January 2011


In 1866, Frederick Law Olmsted (the same Olmsted who helped design Central Park, among others) was a member of the commission entrusted with managing the Yosemite Grant. He wrote a lengthy report about Yosemite, which today serves as a sort of ignored prophecy:

The first point to be kept in mind then is the preservation and maintenance as exactly as is possible of the natural scenery; the restriction, that is to say, within the narrowest limits consistent with the necessary accommodation of visitors, of all artificial constructions and the prevention of all constructions markedly inharmonious with the scenery or which would unnecessarily obscure, distort or detract from the dignity of the scenery.

In addition to the more immediate and obvious arrangements by which this duty is enforced, there are two considerations which should not escape attention.

First; the value of the district in its present condition as a museum of natural science and the danger — indeed the certainty — that without care many of the species of plants now flourishing upon it will be lost and many interesting objects be defaced or obscured if not destroyed….

Second; it is important that it should be remembered that in permitting the sacrifice of anything that would be of the slightest value to future visitors to the convenience, bad taste, playfulness, carelessness, or wanton destructiveness of present visitors, we probably yield in each case the interest of uncounted millions to the selfishness of a few individuals… It is but sixteen years since the Yosemite was first seen by a white man, several visitors have since made a journey of several thousand miles at large cost to see it, and notwithstanding the difficulties which now interpose, hundreds resort to it annually. Before many years, if proper facilities are offered, these hundreds will become thousands and in a century the whole number of visitors will be counted by millions. An injury to the scenery so slight that it may be unheeded by any visitor now, will be one multiplied by these millions. But again, the slight harm which the few hundred visitors of this year might do, if no care were taken to prevent it, would not be slight, if it should be repeated by millions. At some time, therefore, laws to prevent an unjust use by individuals of that which is not individual but public property, must be made and rigidly enforced. The principle of justice involved is the same now that it will be then; such laws as this principle demands will be more easily enforced, and there will be less hardship in their action, if the abuses they are designed to prevent are never allowed to become customary but are checked while they are yet of unimportant consequence. It should, then, be made the duty of the Commission to prevent a wanton or careless disregard on the part of anyone entering the Yosemite or the Grove, of the rights of posterity as well as of contemporary visitors, and the Commission should be clothed with proper authority and given the necessary means for this purpose.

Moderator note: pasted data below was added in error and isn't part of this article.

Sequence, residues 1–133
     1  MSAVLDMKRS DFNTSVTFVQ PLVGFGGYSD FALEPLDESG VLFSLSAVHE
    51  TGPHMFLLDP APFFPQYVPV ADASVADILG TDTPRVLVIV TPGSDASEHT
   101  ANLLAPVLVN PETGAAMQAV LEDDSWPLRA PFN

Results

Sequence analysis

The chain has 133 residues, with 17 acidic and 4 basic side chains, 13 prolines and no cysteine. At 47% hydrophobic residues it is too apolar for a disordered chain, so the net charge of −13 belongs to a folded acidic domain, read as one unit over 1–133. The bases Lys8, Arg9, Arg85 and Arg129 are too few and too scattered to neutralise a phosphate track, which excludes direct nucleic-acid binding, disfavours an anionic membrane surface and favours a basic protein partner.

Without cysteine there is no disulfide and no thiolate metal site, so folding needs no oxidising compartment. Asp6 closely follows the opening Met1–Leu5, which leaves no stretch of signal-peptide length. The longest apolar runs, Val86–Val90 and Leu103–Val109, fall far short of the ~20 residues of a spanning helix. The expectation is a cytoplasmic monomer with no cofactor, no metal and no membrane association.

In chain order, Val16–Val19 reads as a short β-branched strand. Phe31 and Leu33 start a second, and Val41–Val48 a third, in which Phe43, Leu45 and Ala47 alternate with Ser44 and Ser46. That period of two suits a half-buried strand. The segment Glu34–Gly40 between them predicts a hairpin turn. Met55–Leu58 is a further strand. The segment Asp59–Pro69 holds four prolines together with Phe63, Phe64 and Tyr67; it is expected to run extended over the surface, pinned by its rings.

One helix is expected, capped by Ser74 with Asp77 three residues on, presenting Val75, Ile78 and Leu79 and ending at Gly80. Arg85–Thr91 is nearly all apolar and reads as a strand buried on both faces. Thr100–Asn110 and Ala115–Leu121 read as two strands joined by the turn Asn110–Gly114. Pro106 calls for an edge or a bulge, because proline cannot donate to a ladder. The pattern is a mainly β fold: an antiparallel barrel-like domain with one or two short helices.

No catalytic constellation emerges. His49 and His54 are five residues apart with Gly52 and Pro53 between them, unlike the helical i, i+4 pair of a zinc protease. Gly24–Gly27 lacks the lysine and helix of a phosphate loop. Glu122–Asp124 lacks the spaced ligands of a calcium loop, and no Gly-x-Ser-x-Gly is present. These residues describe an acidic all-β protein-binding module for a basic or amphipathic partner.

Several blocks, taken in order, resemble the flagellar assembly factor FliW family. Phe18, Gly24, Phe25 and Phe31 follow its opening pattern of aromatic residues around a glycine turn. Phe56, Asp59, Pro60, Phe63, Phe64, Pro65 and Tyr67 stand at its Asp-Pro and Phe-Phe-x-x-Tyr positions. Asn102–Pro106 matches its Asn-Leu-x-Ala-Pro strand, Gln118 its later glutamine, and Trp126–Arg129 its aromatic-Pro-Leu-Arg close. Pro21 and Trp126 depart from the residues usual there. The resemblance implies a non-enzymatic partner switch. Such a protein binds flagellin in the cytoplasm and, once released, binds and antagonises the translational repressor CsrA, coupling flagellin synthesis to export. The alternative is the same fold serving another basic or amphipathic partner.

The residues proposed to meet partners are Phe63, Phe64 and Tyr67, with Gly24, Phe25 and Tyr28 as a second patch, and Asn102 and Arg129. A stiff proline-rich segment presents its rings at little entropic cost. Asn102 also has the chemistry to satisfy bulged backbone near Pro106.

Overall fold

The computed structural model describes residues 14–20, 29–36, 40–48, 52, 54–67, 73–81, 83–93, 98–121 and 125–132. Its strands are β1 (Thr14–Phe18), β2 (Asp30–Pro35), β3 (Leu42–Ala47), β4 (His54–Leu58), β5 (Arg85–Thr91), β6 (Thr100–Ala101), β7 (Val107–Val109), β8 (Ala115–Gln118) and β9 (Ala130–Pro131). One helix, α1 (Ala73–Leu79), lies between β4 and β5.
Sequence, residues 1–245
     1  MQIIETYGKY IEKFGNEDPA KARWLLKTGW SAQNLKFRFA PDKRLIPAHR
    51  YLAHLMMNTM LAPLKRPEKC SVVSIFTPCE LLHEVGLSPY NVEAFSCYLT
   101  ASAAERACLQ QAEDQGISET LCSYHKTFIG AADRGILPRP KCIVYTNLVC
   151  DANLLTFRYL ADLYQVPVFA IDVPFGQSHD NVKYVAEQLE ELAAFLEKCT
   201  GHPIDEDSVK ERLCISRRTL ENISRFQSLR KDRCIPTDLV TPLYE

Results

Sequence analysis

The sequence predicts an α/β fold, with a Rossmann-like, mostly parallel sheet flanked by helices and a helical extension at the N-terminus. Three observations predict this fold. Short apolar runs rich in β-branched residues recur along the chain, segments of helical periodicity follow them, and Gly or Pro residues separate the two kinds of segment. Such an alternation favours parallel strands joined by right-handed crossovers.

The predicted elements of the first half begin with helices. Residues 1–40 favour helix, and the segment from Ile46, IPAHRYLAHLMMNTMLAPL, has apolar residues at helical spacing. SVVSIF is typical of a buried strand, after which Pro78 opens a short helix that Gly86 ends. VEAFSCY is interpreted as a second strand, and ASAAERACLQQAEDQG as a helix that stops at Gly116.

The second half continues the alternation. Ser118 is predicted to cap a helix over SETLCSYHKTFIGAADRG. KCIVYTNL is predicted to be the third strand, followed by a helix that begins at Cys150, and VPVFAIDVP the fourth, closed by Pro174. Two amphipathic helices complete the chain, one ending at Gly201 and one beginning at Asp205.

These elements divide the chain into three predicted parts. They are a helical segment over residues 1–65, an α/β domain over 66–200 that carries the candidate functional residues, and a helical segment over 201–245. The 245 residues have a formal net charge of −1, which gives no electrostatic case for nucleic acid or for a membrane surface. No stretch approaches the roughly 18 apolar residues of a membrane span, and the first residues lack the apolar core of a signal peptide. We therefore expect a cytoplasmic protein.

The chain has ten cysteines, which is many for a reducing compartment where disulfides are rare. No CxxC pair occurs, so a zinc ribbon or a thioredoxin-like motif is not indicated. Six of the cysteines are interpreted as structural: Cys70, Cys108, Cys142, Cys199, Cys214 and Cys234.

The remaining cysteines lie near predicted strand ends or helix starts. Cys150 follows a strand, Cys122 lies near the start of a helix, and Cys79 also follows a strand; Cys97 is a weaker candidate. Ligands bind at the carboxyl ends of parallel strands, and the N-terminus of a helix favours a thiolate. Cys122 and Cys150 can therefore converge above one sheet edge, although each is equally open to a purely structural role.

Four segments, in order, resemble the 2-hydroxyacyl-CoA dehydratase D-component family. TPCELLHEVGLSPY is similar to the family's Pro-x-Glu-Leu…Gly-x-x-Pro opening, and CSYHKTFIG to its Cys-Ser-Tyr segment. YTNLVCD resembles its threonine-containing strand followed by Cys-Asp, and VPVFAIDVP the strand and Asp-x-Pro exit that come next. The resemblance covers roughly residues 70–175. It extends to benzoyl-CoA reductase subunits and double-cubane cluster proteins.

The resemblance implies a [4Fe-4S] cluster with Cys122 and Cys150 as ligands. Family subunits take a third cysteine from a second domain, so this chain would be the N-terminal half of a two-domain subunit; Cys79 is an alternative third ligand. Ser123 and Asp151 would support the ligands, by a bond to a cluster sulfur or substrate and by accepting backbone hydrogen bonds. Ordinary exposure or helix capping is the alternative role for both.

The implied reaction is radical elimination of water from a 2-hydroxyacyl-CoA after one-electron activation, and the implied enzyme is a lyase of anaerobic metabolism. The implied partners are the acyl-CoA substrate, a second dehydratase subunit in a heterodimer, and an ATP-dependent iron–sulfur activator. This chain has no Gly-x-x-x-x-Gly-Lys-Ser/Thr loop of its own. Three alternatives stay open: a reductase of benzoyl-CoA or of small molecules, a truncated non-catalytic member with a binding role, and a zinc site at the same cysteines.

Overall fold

This duty of preservation is the first which falls upon the State under the Act of Congress, because the millions who are hereafter to benefit by the Act have the largest interest in it, and the largest interest should be first and most strenuously guarded.

For the first time since 1996, Yosemite received over four million visitors this past year. Enough said.

(You can read the full 1866 report at http://www.yosemite.ca.us/library/olmsted/report.html.)

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Yosemite is worthless.

I mean it.

The US Senate agrees.

The Senate discussed this worthless place in 1864. Senator John Conness of California said, in reference to Yosemite, that these “premises in the Sierra Nevada mountains…are for all public purposes worthless” and “of no value to the Government.” Another senator (William Kelley of Pennsylvania) was later paraphrased as saying that Yosemite Valley was a “far inferior wonder” compared to Yellowstone.

By then, Yosemite (and its native inhabitants) had already been disrespected by the name the place had received in 1851. The Mariposa Battalion, venturing into the Yosemite area to forcibly remove all Indians they encountered, figured that they should name the place after the Indians who had (up until then) lived there. They had been told that the Indians that lived in Yosemite Valley were called “Yohemite” (or something similar). Thus, they named the place Yosemite. Unfortunately, the people living in Yosemite Valley called themselves “Ahwahneechee” (which translates to people of Ahwahnee; Ahwahnee means “place of the gaping mouth”). More unfortunately, “Yohemite” means something like “killers.” Since other local Indians apparently referred to the Ahwahneechee as Yohemites, it’s interpreted to mean “among them are killers.” It’s really unclear why they were called that.

Regardless, history is clear: Yosemite is worthless, inferior to Yellowstone, and full of killers. So, if you’re thinking of visiting Yosemite, you might reconsider: you’ll apparently have a much better experience at Yellowstone.

(You can read about the debates about creating Yosemite and Yellowstone at http://www.nps.gov/history/history/online_books/runte1/chap3.htm and http://xroads.virginia.edu/~MA96/RAILROAD/ystone.html.)